Rapper, record label, writer, author, and comedian Adam Briggs, who is widely known as a strong voice for social justice, particularly for Indigenous peoples, has set his sights on the Melbourne Storm NRL club.
Known as 'Briggs', he's been a passionate supporter of the Storm since the club's inception in 1998.
Briggs has directed a scathing letter at the club's chairman, Matthew Tripp, regarding a contentious donation made by corporate director Brett Ralph.
A significant $75,000 was made by Ralph to the 'No' campaign group, Advance Australia, just before a pivotal referendum in Australia. The referendum aimed to determine whether the Australian Constitution should be altered to recognise the First Peoples of Australia by establishing an Aboriginal and Torres Strait Islander Voice to advise Parliament on matters that directly affected them.
Initially heavily supported, the 'Yes' campaign faltered considerably over time in its campaign to cut through to undecided voters, and eventually, the referendum was defeated with around 60% of Australians voting 'No.'
The outcome is seen by many experts as an action that could inflict lasting damage on First Nations people, effectively suspending any hopes of modernising Australia's founding document.
Briggs, who was an ardent supporter of the 'Yes' campaign, was vocal in his disapproval of the donation and the Melbourne Storm's support for the 'No' campaign. The Melbourne Storm had officially declared their backing for the 'Yes' vote, aligning themselves with the cause to provide Indigenous Australians with a voice in Parliament.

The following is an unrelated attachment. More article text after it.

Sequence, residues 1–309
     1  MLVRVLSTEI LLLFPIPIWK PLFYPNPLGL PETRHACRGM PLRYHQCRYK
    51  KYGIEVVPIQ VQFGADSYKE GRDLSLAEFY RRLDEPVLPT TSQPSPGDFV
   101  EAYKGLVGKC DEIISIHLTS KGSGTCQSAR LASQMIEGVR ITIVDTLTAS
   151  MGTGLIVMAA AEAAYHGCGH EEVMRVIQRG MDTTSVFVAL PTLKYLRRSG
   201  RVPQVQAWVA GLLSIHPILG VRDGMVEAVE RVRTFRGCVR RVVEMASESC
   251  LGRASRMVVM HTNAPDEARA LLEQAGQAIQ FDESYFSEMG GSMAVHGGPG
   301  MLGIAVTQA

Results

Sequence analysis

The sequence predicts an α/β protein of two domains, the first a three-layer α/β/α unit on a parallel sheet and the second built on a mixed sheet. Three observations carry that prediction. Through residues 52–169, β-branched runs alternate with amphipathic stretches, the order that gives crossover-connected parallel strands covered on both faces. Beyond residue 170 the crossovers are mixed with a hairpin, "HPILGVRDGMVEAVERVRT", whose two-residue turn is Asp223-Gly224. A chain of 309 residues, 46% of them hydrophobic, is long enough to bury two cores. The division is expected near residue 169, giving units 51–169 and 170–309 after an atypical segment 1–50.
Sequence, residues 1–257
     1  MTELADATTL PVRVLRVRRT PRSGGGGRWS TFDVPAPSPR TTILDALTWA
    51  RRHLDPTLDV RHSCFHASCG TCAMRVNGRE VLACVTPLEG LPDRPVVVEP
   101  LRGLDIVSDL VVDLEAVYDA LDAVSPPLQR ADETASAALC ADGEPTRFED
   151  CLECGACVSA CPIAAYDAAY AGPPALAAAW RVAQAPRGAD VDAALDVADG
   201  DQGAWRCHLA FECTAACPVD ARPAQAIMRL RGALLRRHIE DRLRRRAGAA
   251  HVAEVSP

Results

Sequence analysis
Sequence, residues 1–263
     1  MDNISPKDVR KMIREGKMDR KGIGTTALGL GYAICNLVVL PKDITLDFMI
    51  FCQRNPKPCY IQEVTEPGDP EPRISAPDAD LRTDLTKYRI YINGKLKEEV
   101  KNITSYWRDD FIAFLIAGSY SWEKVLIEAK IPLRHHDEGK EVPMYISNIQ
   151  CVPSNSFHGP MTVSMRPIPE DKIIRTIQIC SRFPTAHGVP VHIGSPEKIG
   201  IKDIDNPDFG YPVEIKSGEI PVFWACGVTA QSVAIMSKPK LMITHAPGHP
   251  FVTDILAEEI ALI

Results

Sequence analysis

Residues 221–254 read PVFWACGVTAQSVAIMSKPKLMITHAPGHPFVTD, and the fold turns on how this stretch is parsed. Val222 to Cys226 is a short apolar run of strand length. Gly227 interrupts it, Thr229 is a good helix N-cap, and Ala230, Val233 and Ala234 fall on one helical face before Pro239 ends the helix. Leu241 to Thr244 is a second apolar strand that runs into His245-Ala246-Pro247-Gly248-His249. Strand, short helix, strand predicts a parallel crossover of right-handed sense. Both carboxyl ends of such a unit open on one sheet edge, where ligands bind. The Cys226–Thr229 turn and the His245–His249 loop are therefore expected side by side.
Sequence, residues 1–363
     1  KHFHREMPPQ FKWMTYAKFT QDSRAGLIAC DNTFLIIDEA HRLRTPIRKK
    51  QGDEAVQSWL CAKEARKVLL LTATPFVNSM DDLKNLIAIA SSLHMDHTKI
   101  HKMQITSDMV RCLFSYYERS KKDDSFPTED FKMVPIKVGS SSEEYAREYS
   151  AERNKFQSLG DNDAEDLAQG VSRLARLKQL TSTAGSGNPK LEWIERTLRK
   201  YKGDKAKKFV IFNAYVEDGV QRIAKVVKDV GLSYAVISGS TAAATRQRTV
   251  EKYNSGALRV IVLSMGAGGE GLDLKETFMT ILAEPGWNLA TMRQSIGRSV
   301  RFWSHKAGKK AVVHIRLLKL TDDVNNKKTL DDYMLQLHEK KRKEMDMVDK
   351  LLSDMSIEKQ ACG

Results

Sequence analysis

The NRL boasts a high representation of Polynesian, South Sea Islander and First Nations players and has often been at the forefront of social issues. For Briggs, the referendum was not about politics but rather a humanitarian issue, highlighting the rights and recognition of Indigenous people.
In his open letter addressed to the club's chairman, Briggs expressed his profound concerns that the donation to the 'No' campaign only served to amplify misinformation and fearmongering against Indigenous people. He emphasised that such actions have the effect of devaluing the contributions of Indigenous communities to Australian society and ultimately, the nation's identity.
Briggs is renowned for his outspoken stance on issues of race, identity, and Indigenous rights. In 2016, Briggs made headlines after calling partygoers who dressed as Aborigines in full black body paint 'redneck scumbags'.
Despite the passionate letter and Briggs' departure from alignment with the club, the Melbourne Storm has yet to respond to the concerns, leaving the controversy hanging in the balance.
The incident underscores the significance of ongoing dialogues and tensions surrounding Indigenous issues in Australian society, and it reaffirms the role of sports and influential individuals like Briggs in advocating for social change.